Quote:
CoovaAP is an OpenWRT-based firmware designed especially for HotSpots. It comes with the CoovaChilli access controller built-in and makes it easily configurable. CoovaAP is perfect for just about any HotSpot application - from WPA Enterprise (with RADIUS accounting) to Free WiFi with Terms of Service acknowledgment to commercial HotSpot captive portal applications. Use the embedded captive portal for a simple self contained HotSpot or use your own captive portal and RADIUS back-end.
If you are interested in using one of these open-source, third-party firmware distributions, be sure to do your research before you risk bricking your wireless router. Upgrading a routers firmware is very similar to the BIOS for your computer and must be handled carefully. Once you've successfully upgraded your routers firmware, you can revert to your original firmware if you wish, but I doubt you will ever go back.

If you intend on increasing the power output of your wireless connection, please keep in mind that while increasing power output does increase your gain, it also increases noise and has the potential of "cross talk" interference with other nearby wireless signals.

additional resources: Wikipedia has listed a full list of third-party firmware, though many of them are either add-ons or old projects:
http://en.wikipedia.org/wiki/HyperWR...mware_projects
FIFTH
(10 items)
 
  
CPUMotherboardGraphicsRAM
2011-v3 X99 GTX 970 DDR4-2400 
KeyboardMouse
Filco Majestouch w/ Cherry MX Blue Razer Diamondback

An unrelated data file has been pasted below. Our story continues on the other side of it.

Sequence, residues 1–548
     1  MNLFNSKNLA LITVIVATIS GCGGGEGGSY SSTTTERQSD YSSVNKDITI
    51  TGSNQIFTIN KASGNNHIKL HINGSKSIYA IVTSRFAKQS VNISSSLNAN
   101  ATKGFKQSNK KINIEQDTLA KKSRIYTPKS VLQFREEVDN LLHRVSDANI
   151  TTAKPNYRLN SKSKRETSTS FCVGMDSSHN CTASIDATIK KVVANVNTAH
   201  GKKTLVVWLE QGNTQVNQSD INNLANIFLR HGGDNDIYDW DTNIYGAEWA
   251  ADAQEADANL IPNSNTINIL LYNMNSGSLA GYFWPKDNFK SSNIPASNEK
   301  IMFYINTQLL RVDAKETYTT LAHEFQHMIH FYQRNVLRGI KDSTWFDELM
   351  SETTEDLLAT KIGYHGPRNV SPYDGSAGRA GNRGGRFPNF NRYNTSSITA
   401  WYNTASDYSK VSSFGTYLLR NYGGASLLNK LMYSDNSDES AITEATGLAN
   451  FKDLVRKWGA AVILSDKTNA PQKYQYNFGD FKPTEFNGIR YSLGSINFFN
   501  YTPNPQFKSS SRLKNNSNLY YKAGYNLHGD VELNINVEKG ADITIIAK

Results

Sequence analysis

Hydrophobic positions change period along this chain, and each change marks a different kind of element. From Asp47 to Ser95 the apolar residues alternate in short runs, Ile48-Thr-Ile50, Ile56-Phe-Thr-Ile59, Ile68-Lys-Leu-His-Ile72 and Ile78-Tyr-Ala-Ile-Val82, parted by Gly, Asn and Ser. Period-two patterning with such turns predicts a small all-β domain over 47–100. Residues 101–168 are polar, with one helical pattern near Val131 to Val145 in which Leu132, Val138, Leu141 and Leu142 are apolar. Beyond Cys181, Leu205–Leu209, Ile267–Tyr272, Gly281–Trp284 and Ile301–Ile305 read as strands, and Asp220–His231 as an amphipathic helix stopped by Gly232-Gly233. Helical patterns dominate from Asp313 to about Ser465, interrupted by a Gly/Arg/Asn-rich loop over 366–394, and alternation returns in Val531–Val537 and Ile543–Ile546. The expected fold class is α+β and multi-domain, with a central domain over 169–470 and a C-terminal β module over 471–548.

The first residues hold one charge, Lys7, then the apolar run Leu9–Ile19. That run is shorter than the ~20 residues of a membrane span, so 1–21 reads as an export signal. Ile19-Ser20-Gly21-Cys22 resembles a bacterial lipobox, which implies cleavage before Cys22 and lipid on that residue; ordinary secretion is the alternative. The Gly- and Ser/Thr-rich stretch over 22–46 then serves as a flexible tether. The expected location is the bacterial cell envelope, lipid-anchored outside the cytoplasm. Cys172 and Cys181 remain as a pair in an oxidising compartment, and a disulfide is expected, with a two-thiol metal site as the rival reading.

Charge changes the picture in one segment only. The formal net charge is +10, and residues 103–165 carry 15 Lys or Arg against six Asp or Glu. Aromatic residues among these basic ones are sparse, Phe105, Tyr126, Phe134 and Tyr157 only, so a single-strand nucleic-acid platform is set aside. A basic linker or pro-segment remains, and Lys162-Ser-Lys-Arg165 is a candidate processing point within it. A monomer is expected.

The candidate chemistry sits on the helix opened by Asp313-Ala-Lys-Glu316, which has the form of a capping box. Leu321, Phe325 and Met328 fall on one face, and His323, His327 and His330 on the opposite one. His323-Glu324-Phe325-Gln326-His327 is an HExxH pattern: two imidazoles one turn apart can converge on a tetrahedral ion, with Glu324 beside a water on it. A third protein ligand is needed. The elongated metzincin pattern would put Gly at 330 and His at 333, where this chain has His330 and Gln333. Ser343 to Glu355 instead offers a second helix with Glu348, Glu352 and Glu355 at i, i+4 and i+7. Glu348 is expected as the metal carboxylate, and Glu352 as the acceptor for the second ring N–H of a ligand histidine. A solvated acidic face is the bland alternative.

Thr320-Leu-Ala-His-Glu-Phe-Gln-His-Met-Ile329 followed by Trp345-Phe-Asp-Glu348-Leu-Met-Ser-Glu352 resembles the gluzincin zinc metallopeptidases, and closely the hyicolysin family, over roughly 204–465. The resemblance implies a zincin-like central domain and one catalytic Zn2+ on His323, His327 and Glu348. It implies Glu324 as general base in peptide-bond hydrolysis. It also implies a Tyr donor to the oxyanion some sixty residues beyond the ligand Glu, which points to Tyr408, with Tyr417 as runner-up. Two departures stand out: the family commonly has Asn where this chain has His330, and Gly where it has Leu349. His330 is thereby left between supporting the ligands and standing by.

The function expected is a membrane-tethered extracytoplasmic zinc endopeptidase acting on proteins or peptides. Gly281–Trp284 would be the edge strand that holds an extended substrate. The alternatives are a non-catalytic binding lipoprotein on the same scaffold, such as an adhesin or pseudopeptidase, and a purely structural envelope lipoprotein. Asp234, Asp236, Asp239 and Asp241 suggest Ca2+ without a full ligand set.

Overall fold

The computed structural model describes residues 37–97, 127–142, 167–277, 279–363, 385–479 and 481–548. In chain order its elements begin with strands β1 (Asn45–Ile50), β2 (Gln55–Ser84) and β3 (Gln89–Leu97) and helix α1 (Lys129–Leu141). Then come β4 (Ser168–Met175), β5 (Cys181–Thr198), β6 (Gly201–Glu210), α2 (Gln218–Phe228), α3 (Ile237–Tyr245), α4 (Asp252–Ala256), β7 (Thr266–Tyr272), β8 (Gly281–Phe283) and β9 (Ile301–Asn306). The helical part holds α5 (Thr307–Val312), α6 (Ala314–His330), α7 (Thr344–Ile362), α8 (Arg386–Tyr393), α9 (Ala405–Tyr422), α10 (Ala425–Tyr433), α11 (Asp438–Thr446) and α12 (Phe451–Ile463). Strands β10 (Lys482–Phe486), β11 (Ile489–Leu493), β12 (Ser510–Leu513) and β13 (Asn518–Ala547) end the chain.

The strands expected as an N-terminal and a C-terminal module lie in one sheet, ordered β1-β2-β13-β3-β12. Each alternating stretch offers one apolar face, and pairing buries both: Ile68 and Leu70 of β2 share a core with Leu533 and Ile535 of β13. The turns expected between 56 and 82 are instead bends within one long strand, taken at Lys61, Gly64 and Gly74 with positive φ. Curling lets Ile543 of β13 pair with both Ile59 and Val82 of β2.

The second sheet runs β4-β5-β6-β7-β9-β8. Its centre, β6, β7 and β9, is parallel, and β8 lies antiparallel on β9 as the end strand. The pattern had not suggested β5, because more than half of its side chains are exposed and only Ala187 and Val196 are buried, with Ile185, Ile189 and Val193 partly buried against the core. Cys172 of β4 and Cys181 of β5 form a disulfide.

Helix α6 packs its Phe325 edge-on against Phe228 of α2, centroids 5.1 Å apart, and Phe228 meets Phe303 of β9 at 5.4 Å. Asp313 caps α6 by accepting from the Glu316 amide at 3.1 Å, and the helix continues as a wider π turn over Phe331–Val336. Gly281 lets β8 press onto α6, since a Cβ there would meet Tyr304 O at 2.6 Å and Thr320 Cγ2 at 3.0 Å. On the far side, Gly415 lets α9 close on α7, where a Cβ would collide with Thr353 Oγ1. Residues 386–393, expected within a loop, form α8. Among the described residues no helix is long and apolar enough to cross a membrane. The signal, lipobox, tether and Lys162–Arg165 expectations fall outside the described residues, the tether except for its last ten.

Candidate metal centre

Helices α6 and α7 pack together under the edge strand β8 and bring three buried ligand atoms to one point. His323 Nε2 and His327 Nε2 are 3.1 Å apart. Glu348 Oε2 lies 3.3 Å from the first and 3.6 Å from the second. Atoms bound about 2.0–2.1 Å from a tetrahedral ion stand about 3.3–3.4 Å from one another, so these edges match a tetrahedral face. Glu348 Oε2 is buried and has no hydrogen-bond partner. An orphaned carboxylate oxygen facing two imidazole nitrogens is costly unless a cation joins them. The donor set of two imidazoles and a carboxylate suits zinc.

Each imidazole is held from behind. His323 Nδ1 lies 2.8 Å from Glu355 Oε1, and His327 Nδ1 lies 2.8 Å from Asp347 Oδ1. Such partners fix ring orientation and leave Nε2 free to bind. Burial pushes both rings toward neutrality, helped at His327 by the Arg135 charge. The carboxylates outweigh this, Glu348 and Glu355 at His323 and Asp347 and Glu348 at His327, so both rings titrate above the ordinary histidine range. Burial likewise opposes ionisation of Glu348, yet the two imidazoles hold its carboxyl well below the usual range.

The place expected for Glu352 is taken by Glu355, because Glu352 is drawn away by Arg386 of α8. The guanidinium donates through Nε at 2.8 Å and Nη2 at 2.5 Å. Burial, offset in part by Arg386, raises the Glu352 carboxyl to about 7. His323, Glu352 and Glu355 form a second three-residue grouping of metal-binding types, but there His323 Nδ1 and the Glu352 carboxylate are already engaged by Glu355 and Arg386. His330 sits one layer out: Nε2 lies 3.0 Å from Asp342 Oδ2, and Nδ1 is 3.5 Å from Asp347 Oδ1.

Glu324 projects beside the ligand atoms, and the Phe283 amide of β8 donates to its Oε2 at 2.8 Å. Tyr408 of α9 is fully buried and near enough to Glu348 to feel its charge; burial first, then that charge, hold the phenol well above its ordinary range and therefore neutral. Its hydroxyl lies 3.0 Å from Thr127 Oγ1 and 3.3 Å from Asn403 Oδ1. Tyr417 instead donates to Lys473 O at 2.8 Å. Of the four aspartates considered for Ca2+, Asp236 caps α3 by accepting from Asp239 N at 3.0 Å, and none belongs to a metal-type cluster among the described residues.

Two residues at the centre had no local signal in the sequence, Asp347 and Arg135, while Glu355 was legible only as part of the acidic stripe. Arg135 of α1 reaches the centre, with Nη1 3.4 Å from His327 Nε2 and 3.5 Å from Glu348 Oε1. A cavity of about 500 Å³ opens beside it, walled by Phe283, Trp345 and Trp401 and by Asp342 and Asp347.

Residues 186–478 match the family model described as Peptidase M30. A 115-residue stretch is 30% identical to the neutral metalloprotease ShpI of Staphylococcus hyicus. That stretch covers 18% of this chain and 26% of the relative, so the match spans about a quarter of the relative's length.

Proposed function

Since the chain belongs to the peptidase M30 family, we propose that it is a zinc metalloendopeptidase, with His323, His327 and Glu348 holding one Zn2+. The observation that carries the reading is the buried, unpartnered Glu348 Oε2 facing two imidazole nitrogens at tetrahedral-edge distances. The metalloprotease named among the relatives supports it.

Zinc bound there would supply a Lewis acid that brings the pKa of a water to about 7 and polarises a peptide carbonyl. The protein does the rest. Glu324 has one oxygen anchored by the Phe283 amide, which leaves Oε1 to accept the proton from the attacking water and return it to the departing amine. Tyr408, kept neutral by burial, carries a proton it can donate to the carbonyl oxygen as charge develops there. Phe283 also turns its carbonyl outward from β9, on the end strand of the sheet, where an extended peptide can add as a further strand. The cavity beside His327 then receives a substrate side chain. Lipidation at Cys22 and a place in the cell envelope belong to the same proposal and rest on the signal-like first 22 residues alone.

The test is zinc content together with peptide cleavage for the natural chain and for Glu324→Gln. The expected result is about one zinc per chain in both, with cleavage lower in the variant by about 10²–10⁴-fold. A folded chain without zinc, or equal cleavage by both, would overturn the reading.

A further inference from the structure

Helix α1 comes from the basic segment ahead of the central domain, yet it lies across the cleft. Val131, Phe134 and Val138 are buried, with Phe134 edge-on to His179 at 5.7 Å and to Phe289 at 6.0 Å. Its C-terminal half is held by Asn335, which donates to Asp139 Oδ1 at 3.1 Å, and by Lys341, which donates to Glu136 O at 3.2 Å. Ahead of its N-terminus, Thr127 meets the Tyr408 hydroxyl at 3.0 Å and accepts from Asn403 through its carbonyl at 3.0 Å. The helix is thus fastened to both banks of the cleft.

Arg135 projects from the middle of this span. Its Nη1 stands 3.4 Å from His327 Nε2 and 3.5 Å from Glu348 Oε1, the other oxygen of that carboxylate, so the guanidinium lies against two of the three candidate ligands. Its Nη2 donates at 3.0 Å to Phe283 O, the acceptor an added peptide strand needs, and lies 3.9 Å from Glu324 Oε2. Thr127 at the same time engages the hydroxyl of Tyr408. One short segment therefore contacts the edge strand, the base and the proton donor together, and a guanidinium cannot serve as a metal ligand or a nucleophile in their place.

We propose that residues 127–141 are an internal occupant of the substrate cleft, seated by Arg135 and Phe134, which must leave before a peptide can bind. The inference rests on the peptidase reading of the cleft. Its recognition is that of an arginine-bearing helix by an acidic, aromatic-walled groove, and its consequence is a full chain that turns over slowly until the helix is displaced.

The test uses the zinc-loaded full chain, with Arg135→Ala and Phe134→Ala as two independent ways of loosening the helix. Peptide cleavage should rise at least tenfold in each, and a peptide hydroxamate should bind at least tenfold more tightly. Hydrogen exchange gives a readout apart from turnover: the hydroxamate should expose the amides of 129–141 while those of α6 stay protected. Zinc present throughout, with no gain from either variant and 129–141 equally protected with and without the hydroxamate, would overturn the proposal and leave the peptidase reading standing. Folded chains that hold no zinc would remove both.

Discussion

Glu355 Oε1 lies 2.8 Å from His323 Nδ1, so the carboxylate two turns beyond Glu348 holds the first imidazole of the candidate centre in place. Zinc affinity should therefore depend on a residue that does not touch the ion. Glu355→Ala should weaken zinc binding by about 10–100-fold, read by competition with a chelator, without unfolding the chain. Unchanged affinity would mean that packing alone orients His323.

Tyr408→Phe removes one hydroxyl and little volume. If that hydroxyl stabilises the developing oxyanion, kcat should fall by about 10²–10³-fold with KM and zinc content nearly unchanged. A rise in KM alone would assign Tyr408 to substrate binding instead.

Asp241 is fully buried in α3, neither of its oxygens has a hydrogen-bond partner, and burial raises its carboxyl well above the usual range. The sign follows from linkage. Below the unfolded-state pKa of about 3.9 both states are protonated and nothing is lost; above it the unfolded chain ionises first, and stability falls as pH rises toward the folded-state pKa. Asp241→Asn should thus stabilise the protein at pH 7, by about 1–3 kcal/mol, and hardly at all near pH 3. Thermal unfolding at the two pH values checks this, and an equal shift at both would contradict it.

hide details  
Reply
FIFTH
(10 items)
 
  
CPUMotherboardGraphicsRAM
2011-v3 X99 GTX 970 DDR4-2400 
KeyboardMouse
Filco Majestouch w/ Cherry MX Blue Razer Diamondback 
  hide details  
Reply
post #2 of 2
Gratz for the good thread/article.
I think you should add X-Wrt, which is not more than an OpenWrt with webif^2 package integrated.

PS.
I'm Tomato user. I prefer plain OpenWrt, but i have better wifi signal with Tomato. I tried DD-WRT SP2, but signal wasn't better than Tomato.
Edited by metala - 10/26/08 at 2:03pm
Ferberite
(14 items)
 
  
CPUMotherboardGraphicsRAM
Intel(R) Core(TM) i5-2450M CPU @ 2.50GHz Lenovo Thinkpad Edge E520 AMD Radeon HD 6630M 6GB DDR3 @ 1333MHz  
Hard DriveHard DriveOSOS
Samsung 850EVO HITACHI HTS727550A9E364 7.2krpm Debian 7.0 Win7 
OSMonitorMonitorKeyboard
Win8 15.6 Zoll 16:9, 1366x768 Pixel, AUO23EC, spiege... 24" Dell U2412M, 1920x1200 Integrated + External 
PowerCase
20V, 4.5A Lenovo Thinkpad Edge 
  hide details  
Reply
Ferberite
(14 items)
 
  
CPUMotherboardGraphicsRAM
Intel(R) Core(TM) i5-2450M CPU @ 2.50GHz Lenovo Thinkpad Edge E520 AMD Radeon HD 6630M 6GB DDR3 @ 1333MHz  
Hard DriveHard DriveOSOS
Samsung 850EVO HITACHI HTS727550A9E364 7.2krpm Debian 7.0 Win7 
OSMonitorMonitorKeyboard
Win8 15.6 Zoll 16:9, 1366x768 Pixel, AUO23EC, spiege... 24" Dell U2412M, 1920x1200 Integrated + External 
PowerCase
20V, 4.5A Lenovo Thinkpad Edge 
  hide details  
Reply
New Posts  All Forums:Forum Nav:
  Return Home
  Back to Forum: Networking & Security
Overclock.net › Forums › Software, Programming and Coding › Networking & Security › free third-party firmware for wireless routers